As a counseling clinic that offers marriage counseling, we see many couples who have experienced infidelity in their marriages. One partner cheats–emotionally and/or physically–and the other partner experiences intense betrayal.

So why do marital affairs happen?

First, we need to be clear that an affair is never the primary issue. Affairs rarely happen in healthy marriages, which is why it’s important to seek out a qualified couple’s therapist when issues first arise. 

Affairs are the result of unaddressed problems in a relationship. Common problems include unresolved childhood trauma, family of origin issues, a history of sexual abuse, sexual addiction, communication difficulties, and asynchronous sexual desire.

When these issues are not addressed head on, one partner may seek connection, comfort, arousal, validation, or companionship outside of the marriage, resulting in an affair.

A Man Talking to His Upset Partner

What should you do–and not do–when you find out your spouse has cheated?

When you discover an affair, your first step should be to reach out to trained therapists for help. This should be a couple’s therapist and, for the betrayed partner, a certified partner trauma therapist (CPTT) who can help you process and heal from this newly-experienced trauma.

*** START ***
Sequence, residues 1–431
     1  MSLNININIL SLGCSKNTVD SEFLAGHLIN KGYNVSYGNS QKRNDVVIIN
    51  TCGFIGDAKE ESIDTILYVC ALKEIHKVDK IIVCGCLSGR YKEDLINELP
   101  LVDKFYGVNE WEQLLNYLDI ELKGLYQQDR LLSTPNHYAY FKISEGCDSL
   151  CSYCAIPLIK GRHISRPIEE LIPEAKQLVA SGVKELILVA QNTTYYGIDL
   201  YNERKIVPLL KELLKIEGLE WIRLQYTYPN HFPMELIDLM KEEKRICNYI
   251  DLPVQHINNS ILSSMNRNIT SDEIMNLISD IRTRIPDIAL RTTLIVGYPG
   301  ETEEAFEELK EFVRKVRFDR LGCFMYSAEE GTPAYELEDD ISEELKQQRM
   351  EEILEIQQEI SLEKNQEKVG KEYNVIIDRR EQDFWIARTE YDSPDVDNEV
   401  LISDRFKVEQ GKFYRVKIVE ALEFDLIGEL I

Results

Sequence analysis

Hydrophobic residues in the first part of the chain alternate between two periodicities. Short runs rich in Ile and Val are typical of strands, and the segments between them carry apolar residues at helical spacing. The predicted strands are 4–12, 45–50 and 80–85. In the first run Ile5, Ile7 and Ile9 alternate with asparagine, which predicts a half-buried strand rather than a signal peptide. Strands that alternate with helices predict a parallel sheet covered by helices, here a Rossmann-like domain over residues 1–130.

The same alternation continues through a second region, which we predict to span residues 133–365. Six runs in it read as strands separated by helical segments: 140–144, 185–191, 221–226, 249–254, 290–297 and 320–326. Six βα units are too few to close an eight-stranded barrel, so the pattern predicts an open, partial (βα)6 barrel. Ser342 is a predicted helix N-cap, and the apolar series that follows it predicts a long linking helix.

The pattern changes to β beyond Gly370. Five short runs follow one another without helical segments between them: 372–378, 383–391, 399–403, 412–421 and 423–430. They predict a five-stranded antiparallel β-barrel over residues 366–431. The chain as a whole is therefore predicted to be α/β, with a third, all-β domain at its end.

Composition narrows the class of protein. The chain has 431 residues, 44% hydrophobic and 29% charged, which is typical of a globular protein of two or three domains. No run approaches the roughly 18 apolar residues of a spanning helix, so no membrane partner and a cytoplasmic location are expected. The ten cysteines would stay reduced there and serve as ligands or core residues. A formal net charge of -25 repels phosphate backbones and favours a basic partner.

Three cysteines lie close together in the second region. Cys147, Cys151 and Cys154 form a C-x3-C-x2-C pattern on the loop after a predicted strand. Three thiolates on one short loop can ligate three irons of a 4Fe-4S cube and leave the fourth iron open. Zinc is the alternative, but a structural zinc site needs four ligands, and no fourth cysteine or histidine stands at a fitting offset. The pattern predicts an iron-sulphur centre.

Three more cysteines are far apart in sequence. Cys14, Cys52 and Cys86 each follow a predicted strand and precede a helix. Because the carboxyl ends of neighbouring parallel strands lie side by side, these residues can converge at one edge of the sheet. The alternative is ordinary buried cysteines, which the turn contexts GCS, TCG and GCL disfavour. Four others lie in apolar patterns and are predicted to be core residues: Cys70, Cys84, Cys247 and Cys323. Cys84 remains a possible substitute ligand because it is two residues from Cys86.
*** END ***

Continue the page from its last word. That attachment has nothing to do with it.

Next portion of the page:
If the cheating spouse also has a sexual addiction, there is often a long-standing pattern of sexual violation within the relationship and a deeper history of trauma. If this describes you or your partner, please reach out to a certified sexual addiction therapist (CSAT) who understands how to address sexual addiction within the context of a marriage relationship.

While it’s natural to try to contain the situation due to shame or to pretend it will all just magically be ok, this will only isolate you further. The trust in your marriage has been ruptured, and there may be other offenses.